It’s recommended in construction zones that workers put up barriers around all equipment, tools, and building materials and that all debris be placed in a dumpster at the end of the day. It’s possible, however, that at a disorganized construction site, such items may be littered around the base of the project, causing a safety hazard for pedestrians. If you have limited mobility and are traveling by a construction site in a wheelchair or scooter, avoid areas that appear to be littered with debris—even if it looks like an attempt was made to clear the area. The sidewalk could still have collected sharp objects such as glass or nails that could puncture a tire. Keep as wide a distance as possible around the construction zone, crossing the street to avoid corners and areas that appear to be cluttered with construction materials, whenever possible.

Be Aware of Uneven Surfaces

As mentioned previously, construction projects may result in uneven, or unpaved surfaces. Individuals who utilize a wheelchair or scooter should understand the limitations or capabilities of their mobility assistance device. If you are uncertain how your wheelchair or scooter will perform on varying surfaces, avoid the area as thoroughly as possible.

Utilize Temporary Curb Ramps

Construction areas are encouraged to install temporary curb ramps to assist the disabled to navigate the area. If you utilize a wheelchair, look for, and use the available curb ramps to avoid dangerous navigation scenarios caused by uneven, or abnormally high curbs. Be advised, however, that temporary ramps may be unsteady or wobbly, or they may not have an adequate side guard rail attached. Exercise caution while traveling up or down any temporary ramps.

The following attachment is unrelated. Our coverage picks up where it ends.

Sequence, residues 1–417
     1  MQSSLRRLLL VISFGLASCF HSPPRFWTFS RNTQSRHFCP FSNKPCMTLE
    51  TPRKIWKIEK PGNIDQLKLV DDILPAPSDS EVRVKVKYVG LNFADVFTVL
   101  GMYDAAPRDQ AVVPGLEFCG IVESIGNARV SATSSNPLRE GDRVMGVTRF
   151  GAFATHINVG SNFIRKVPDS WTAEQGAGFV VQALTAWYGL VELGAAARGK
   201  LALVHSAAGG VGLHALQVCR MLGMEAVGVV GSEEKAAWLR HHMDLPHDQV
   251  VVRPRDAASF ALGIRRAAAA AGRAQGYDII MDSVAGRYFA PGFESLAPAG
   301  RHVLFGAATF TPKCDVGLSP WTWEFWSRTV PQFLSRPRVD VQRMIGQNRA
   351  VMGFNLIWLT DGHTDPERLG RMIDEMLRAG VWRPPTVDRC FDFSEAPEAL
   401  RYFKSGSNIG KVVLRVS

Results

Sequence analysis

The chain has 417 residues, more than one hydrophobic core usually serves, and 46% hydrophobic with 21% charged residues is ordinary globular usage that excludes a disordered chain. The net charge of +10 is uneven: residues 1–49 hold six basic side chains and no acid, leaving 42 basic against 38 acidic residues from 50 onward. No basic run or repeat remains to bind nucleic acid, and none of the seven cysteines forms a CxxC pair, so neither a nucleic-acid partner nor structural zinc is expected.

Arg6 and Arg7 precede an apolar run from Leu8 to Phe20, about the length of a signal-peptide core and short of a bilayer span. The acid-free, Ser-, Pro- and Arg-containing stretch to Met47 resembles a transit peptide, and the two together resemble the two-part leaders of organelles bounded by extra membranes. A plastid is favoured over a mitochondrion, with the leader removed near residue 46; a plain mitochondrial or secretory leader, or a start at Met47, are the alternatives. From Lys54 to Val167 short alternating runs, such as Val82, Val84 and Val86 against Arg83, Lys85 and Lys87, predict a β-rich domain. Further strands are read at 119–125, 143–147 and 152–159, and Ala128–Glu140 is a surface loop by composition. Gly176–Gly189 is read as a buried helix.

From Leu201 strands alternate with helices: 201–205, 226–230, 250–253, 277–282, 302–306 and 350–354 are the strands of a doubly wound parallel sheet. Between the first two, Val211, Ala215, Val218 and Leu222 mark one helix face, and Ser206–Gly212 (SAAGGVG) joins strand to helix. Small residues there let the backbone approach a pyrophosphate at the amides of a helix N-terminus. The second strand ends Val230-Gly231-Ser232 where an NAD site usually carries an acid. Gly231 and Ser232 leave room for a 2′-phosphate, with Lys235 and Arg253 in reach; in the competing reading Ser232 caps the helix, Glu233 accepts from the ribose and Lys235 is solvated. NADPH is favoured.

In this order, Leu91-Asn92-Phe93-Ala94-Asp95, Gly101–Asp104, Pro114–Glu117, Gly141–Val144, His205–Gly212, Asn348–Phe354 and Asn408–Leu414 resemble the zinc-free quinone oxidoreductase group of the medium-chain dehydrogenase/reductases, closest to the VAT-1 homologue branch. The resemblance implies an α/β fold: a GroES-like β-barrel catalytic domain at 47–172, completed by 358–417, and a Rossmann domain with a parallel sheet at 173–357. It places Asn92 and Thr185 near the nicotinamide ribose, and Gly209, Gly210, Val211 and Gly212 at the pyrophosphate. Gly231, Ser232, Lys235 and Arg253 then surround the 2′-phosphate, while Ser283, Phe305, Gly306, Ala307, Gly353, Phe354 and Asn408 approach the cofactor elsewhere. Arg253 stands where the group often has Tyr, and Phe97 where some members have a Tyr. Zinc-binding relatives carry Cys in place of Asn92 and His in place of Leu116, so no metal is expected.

Watch for Slippery Surfaces and Muddy Temporary Curb Ramps

Temporary ramps or pathways designed without an adequate bottom barrier protection may allow for mud to flow over the surface of the ramp or path during wet weather, causing a slippery surface that may be difficult—or impossible—to cross in a wheelchair. Look ahead and if it appears that the path or ramp you need to traverse is muddy, consider an alternate route.

Look Ahead for Narrow Turnarounds

A construction area may establish an alternate pathway for pedestrians for use throughout the length of the project. Be aware, however, that some pathways may not have been designed to accommodate wheelchairs or motorized scooters. As a result, the turns or turnarounds may be too narrow to comfortably navigate in such a device. Look ahead while traveling through a temporary pathway. If it appears that a turn ahead will not accommodate your wheelchair, consider taking an alternative route to reach your destination.

How to Safely Navigate a Construction Zone While Driving a Car